Compensation for Medical Malpractice: What to Expect

Would it shock you to learn that medical malpractice is the eighth leading cause of death in the U.S.? It’s true — and it’s also nearly unbelievable to many. With all the information readily at our disposal in this Internet age, there remains a huge lack of public knowledge about the prevalence of medical malpractice.

There are two reasons for this.

Many victims of medical malpractice have no idea that they are, in fact, victims. Statistics show 2.9 percent to 3.7 percent of all patients admitted to a hospital suffer some sort of preventable injury at the hands of negligent health care providers. Out of the 98,000 patients killed each year due to preventable medical errors, only 10,000 or so of these are filed as medical malpractice claims. The result: nobody knows that these errors ever happened.

Additionally, it’s speculated that insurance companies have influenced public opinion against those who file malpractice claims against health care providers. They have given rise to the belief that excessive verdicts against malpractice are causing malpractice insurers to raise their premiums, forcing physicians out of the medical profession.

In the end, we at The Oshman Firm abide by the conviction that a victim of medical negligence is entitled to the resources necessary to put his or her life back together.

How It Works

Obviously, no court can undo the damage inflicted on a patient by a negligent physician. What they can offer is an award of compensation to the victim so that he or she has the resources necessary to cover future therapy, additional procedures and sometimes adaptive equipment for carrying on with basic functions complicated by the injury.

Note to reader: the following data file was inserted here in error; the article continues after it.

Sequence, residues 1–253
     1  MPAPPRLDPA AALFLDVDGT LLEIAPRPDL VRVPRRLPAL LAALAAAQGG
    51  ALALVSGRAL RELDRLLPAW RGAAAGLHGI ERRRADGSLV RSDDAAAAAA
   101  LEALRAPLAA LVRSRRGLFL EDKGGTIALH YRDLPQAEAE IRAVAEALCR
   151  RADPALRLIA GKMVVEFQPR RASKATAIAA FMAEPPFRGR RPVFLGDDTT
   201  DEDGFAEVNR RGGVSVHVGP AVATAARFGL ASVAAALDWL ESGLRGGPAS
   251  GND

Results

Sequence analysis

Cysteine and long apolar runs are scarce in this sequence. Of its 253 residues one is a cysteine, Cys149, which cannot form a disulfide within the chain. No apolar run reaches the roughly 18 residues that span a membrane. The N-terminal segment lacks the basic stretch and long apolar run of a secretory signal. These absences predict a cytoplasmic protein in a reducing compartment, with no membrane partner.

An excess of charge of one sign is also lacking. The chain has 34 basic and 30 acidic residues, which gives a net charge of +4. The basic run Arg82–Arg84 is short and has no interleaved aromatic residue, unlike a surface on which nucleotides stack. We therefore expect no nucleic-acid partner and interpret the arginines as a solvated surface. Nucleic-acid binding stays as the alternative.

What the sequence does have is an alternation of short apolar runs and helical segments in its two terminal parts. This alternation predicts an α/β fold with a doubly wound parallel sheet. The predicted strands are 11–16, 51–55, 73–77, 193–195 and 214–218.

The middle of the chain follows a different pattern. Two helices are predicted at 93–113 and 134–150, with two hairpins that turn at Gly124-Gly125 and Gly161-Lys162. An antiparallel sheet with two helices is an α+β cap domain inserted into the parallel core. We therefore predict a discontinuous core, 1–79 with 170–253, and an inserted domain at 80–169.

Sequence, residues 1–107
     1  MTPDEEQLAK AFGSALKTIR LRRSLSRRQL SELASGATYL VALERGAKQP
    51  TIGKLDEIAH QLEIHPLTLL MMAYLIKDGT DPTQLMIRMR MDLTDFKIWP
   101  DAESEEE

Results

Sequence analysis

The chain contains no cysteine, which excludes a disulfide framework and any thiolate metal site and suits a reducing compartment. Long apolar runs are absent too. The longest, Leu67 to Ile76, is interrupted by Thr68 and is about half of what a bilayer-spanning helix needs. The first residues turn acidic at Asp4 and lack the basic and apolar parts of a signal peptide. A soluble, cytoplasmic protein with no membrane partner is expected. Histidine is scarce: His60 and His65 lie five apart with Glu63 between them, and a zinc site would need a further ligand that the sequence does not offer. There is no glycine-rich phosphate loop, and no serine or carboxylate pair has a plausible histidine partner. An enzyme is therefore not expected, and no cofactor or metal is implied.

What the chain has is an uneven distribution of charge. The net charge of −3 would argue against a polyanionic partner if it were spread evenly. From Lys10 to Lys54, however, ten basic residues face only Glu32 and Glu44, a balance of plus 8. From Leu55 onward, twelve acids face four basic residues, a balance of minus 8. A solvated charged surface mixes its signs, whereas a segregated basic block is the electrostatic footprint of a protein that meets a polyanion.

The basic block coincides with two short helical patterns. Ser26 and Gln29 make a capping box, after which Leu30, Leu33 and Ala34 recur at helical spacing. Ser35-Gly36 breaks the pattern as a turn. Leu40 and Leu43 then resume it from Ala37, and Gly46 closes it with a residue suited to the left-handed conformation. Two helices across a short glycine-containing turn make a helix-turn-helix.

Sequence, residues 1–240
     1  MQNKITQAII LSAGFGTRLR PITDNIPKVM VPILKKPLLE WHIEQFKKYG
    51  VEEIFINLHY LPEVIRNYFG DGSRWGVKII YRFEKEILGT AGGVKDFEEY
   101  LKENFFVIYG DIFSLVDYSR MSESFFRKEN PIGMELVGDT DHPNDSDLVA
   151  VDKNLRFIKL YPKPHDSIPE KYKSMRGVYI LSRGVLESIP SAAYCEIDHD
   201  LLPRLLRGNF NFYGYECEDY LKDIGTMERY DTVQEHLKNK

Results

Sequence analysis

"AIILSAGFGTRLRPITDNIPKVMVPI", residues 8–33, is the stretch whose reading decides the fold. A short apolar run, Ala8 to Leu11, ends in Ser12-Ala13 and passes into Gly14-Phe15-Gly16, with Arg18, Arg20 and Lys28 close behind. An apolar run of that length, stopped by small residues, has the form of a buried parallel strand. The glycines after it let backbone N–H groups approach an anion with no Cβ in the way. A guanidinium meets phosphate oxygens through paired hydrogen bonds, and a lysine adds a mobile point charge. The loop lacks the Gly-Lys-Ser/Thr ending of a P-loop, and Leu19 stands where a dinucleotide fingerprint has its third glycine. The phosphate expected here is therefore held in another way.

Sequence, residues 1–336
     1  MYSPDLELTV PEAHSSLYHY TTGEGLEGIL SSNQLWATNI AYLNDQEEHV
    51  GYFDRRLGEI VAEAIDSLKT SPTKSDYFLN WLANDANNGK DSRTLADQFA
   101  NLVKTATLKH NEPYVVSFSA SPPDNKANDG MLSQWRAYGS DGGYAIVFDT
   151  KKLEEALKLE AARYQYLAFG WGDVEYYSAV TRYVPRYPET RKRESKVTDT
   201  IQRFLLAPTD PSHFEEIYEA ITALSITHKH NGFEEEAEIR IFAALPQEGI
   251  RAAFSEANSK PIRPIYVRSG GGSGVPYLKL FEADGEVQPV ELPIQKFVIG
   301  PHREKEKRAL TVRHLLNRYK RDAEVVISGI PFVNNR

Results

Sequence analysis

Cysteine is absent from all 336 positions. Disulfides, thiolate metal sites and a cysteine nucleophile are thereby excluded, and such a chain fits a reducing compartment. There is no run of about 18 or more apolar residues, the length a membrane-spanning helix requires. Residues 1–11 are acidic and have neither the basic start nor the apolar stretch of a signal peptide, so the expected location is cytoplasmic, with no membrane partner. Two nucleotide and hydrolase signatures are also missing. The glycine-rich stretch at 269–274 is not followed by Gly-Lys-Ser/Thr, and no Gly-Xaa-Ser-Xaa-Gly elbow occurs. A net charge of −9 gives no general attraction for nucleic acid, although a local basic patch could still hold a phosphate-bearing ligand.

How much money a victim is awarded depends on the value of two kinds of damages inflicted.


  • Past and future medical expenses
  • Past and future therapy (physical and emotional)
  • Past and future medication and adaptive devices (canes, wheelchairs, prostheses, devices)
  • Lost wages
  • Diminished earning capacity (when the injury will inhibit the ability to work in the future)

These are fairly easy to calculate, by means of bills or receipts. Future bills are, of course, harder to determine, especially since advances in medical technology may change the nature and expense of future care. A seasoned lawyer will often consult with experts to help predict future care expenses for the victim.


  • Mental anguish
  • Pain and suffering
  • Disfigurement
  • Inconvenience

This kind of damage is much harder to calculate, and each jury, judge, defense lawyer and insurance adjuster addresses it differently. Precedents from past cases are invaluable to malpractice lawyers in determining what kind of noneconomic damages to pursue.

Other Factors

Some states have a “damage cap” — a limit to the amount of money that a victim of medical malpractice can receive for noneconomic damage.

If a plaintiff chooses to settle with the defendant, it usually has a significant effect on the total amount of damages, since both parties are giving something up in order to reach resolution more quickly. However, a settlement is a way to play the situation safe, rather than trust your case to the unpredictable outcome of a jury trial.

Call Us Today

The law firm of The Oshman Firm has vast experience in handling medical malpractice cases in the states of New York and New Jersey. If you suspect you have a case for medical malpractice or negligence, call us at 800.400.8182 for a no-cost consultation, or fill out the contact form on the right side of this page.

Ted Oshman


Ted Oshman has been with The Oshman Firm since 1988 serving clients for over 25 years. Learn more about Ted's background and featured practice areas here.

    Find more about me on:
  • facebook
  • googleplus
  • twitter

Leave a Reply